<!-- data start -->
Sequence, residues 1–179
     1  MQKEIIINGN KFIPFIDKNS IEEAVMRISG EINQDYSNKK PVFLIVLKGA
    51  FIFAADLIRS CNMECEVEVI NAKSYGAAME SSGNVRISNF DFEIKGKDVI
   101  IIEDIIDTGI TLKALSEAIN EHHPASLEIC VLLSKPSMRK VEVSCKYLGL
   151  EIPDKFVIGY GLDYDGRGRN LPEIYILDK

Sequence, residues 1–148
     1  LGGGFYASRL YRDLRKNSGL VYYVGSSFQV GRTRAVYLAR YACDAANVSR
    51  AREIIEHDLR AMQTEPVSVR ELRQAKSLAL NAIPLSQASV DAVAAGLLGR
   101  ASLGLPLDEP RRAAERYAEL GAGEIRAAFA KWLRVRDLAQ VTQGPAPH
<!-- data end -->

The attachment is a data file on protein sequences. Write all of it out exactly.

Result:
Sequence, residues 1–179
     1  MQKEIIINGN KFIPFIDKNS IEEAVMRISG EINQDYSNKK PVFLIVLKGA
    51  FIFAADLIRS CNMECEVEVI NAKSYGAAME SSGNVRISNF DFEIKGKDVI
   101  IIEDIIDTGI TLKALSEAIN EHHPASLEIC VLLSKPSMRK VEVSCKYLGL
   151  EIPDKFVIGY GLDYDGRGRN LPEIYILDK

Sequence, residues 1–148
     1  LGGGFYASRL YRDLRKNSGL VYYVGSSFQV GRTRAVYLAR YACDAANVSR
    51  AREIIEHDLR AMQTEPVSVR ELRQAKSLAL NAIPLSQASV DAVAAGLLGR
   101  ASLGLPLDEP RRAAERYAEL GAGEIRAAFA KWLRVRDLAQ VTQGPAPH